After a viral outbreak the dead return from the grave. It isn’t the end though. Television star and survivalist Hunter Smith has used this opportunity for profit with his show Get Some. The idea of a zombie comedy isn’t particularly original nor is using zombies in a reality tv setting. Despite this Get Some sticks out thanks to a combination of a fun script and great casting. If it weren’t for its frustratingly open ending it would be the best short in the collection. 4/5
Director- Olaf Svenson
Writer- Olaf Svenson
In this tale of revenge, the young Olga goes after the men who killed her father. Finding them in a mob-owned diner she vows vengeance by any means necessary. Similar to movies such as Haywire this female-driven revenge thriller puts its focus on crisp hand-to-hand combat. Featuring a variety of styles, we see everything from knife play to martial arts and even a little bit of lucha libre. Although the story feels a bit overly familiar, I would love to see this expanded into a full movie. 4.5/5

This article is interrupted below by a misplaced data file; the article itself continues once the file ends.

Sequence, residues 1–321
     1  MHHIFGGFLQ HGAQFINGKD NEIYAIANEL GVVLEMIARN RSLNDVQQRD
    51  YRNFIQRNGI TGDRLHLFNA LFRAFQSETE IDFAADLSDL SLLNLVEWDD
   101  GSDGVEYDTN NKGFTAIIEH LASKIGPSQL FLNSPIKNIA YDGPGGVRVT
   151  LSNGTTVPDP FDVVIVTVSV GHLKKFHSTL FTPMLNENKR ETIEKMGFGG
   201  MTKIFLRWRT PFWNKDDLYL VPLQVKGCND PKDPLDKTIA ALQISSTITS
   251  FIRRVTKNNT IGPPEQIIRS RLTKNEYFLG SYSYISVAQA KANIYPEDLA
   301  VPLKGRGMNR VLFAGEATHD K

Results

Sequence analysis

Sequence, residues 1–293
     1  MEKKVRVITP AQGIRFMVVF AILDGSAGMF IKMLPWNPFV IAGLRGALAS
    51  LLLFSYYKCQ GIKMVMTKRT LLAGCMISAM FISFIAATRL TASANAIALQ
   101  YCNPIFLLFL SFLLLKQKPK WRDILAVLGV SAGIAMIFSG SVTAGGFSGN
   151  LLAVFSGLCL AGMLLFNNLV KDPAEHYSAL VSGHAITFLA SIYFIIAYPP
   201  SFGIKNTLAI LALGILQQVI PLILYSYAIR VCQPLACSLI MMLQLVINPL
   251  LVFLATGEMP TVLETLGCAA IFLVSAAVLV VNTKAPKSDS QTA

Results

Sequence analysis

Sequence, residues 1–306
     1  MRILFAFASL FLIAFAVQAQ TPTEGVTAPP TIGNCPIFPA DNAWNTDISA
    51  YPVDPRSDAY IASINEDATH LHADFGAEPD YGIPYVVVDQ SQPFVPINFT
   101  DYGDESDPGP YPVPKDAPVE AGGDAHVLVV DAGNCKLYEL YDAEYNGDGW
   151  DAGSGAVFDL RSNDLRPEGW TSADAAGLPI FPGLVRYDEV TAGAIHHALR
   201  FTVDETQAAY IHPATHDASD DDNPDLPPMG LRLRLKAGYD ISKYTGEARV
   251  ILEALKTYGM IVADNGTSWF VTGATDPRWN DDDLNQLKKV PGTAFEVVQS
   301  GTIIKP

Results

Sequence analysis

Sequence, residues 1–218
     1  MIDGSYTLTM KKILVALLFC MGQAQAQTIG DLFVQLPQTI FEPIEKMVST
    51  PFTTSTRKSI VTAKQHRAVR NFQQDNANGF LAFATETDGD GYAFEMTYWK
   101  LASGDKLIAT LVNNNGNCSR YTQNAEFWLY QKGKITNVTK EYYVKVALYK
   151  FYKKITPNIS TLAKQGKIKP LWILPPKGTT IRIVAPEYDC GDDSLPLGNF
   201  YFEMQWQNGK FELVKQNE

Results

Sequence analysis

Director- Daniel Bernhardt
Writer- Daniel Bernhardt
With alimony due and his life hitting the skids private investigator John ‘Fetch’ Fetcher gets the case of a lifetime. Starring David Leitch (director of Deadpool 2, Atomic Blonde) Fetch feels like the most ambitious short of the bunch. Taking on a more sardonic tone Fetch does a magnificent job telling its story without taking itself too seriously. And while the movie can lean a little too heavily into the comedy elements, stellar fight choreography has us leaving Blood, Sweat and Terrors on a high note. 4/5
Admittedly Blood, Sweat and Terrors is a bit of a tough sell. With each short being so different from the next one, the project lacks any sense of cohesion. So instead of telling a good story or working thematically we get a collection of short stories that can be hit or miss. With that said it rarely bores thanks to a great combination of talent both in front and behind the camera. And while it may never be considered a classic Blood, Sweat and Terrors is perfect as a jolt of energy for any action connoisseur.
Links : IMDB
Blood, Sweat and Terrors is now available on VOD, Bluray and DVD.